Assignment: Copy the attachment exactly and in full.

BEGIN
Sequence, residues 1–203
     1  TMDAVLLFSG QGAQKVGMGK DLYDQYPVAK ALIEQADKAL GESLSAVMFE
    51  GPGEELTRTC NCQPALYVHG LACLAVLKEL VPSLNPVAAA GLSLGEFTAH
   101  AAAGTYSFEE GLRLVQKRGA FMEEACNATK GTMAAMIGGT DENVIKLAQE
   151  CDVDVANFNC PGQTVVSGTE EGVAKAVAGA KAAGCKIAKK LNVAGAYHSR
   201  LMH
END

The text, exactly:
Sequence, residues 1–203
     1  TMDAVLLFSG QGAQKVGMGK DLYDQYPVAK ALIEQADKAL GESLSAVMFE
    51  GPGEELTRTC NCQPALYVHG LACLAVLKEL VPSLNPVAAA GLSLGEFTAH
   101  AAAGTYSFEE GLRLVQKRGA FMEEACNATK GTMAAMIGGT DENVIKLAQE
   151  CDVDVANFNC PGQTVVSGTE EGVAKAVAGA KAAGCKIAKK LNVAGAYHSR
   201  LMH